The Safest of Havens
- Posted by JC Parets
- on March 20th, 2013
Here is something that I’ve found myself getting into friendly arguments about lately. When money is scared and wants to come out of risk assets, what is the safest place? Where do they go? The easy answers are obviously the US Dollar and US Government bonds right? Some people might say gold. But the math says otherwise. If you look at just the numbers, the winner is by far, the Japanese Yen.
And I don’t know why that is the case. I get asked, “why”, all the time. Not really to worried about the answer. We’ll let the math do the work and answer the more important question of, “what?”.
So when you look at negative correlations with US Equities, the US Dollar Index is actually a plus 0.58 for the month and plus 0.68 for the quarter. Sure it’s at -0.52 for the year, but no where near as high as what you might expect the safest haven to be. Treasury bonds show a nice negative correlation, but again, surprisingly low coming in at just -0.74 for the month. While -0.91 for the quarter is nice and high, the -0.55 correlation with S&Ps for the year doesn’t convince me. Gold has a zero correlation for the month, -0.68 for the quarter, and actually a positive 0.24 for the year. So gold isn’t the answer either.
Which brings me to the Japanese Yen. The clear winner here having a correlation with the S&P500 of -0.93 for the past month. The -0.96 for the quarter and -0.77 for the year makes the Japanese Yen, the highest negatively correlated asset on earth. So does that make it the safest haven?
Think back to 2008 when all hell was breaking loose. Did money flow into gold? Nope, they sold them too. Sold them hard. The “quality” that was being flown towards was the US Dollar, Treasuries, and Yen.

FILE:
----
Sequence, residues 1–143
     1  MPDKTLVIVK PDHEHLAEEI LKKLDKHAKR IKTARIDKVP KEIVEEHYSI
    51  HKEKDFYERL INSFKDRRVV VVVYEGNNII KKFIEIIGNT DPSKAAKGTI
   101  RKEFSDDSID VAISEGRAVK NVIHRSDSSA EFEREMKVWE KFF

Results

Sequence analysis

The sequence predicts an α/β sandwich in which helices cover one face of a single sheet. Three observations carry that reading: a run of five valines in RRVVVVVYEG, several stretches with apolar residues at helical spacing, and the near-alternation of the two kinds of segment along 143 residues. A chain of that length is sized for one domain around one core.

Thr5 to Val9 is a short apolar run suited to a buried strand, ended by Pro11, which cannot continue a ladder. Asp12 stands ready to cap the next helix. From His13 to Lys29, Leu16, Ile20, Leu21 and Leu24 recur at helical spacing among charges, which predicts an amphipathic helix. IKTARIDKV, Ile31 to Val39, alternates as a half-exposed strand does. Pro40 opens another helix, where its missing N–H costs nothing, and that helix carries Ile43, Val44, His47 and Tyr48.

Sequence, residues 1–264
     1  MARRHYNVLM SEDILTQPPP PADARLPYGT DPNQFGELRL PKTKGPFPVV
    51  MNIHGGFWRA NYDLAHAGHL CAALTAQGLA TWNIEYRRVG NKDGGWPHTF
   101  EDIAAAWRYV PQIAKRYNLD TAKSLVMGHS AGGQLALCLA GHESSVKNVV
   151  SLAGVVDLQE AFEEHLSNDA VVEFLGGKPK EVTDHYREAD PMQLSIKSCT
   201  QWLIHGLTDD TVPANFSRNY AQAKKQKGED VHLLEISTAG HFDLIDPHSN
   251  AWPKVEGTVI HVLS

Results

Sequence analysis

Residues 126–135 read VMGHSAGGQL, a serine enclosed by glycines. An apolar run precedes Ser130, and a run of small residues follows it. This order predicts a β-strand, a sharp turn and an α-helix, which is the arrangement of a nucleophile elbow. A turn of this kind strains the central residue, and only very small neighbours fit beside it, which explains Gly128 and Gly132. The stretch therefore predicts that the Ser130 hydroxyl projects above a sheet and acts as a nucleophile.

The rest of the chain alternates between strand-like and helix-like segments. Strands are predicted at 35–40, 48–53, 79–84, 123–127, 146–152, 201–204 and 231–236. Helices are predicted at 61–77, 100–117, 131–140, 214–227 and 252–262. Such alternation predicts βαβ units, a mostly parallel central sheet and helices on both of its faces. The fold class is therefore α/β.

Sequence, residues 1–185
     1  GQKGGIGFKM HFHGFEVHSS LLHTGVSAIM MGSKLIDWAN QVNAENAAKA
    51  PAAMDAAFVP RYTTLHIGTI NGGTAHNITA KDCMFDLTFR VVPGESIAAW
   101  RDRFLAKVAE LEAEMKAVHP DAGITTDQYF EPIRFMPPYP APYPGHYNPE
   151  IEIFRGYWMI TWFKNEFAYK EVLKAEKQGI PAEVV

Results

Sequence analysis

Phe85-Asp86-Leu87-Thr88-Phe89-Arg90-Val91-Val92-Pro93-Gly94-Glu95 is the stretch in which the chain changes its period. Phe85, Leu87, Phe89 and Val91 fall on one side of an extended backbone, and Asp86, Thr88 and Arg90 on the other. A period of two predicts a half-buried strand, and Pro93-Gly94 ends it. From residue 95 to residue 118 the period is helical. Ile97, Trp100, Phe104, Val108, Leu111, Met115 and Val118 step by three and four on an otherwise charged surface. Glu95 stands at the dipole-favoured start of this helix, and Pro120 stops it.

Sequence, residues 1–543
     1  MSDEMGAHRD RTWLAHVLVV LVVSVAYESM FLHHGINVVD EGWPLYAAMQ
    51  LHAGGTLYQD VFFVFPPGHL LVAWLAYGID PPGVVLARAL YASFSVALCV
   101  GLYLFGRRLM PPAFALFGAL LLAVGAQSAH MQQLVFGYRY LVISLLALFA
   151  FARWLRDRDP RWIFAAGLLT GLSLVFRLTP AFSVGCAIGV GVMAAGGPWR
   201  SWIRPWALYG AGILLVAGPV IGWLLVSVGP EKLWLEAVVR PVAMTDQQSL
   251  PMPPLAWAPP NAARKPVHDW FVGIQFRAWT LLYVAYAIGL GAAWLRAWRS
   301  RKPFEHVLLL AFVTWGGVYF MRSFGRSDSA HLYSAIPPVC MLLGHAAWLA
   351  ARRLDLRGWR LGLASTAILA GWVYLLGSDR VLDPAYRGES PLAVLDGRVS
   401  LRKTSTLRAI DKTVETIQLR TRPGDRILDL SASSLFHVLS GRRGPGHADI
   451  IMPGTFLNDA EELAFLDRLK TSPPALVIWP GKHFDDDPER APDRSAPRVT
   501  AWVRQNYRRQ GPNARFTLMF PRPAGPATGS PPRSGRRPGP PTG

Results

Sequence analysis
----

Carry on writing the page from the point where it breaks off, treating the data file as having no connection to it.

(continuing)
Here’s something else. Sunday night when fear was building and top callers were organizing bear parades, where did money flow right away? What was the initial gut reaction? US Dollar Index was up 0.69% at the futures open. Gold shot up 0.94%. US Treasury Bonds were up 0.73%. But the Yen? EUR/JPY was down 2.3% Sunday night at the open. Euro was obviously where money was feeling from. So where was it fleeing towards? EURUSD was only down 1.17%. So it wasn’t the US Dollar right? It was Yen. In fact, Sunday night at the open, USD/JPY was down a percent.
So this is my math. Am I missing something? The most negatively correlated asset class with US Stocks in the world is the Japanese Yen. When money gets scared, where does it flow to the fastest? Seems like Yen. So as Yen goes, the opposite should be in store for US Equities no?
Just my thoughts. I’d love to hear your comments. And no I don’t want to have a philosophical conversation about fiat currencies, or central banks in Japan. Lets try to keep this about price and intermarket relationships.
Oh yea, one more thing. Keeping in mind the very high negative correlations with US Equities and Yen, here is the recent commitment of traders report from Sentiment Trader showing the Commercials loading up, while speculators are historically short Yen.
Full Disclosure: Nothing on this site should ever be considered to be advice, research or an invitation to buy or sell any securities, please see my Terms & Conditions page for a full disclaimer.blog comments powered by Disqus
J.C. Parets is the Founder & President of Eagle Bay Capital, LLC. He earned the Chartered Market Technician designation (CMT) and is a member of the Market Technicians Association. More
- Weekends With Allstar and Pearlman
- Why Is It Always About What You’re Buying?
- Video: JC Parets Presents At Duke University
- The Three C’s of December Seasonality
- Investment Managers Are Leveraged Long
- Tom Fitzpatrick in NYC December 16th
- Weekends With Phil Pearlman & JC Parets
- The Difference Between Technician & Chartist
- Remember What This Is All About
- The Forest To Trees Approach
Archive by Year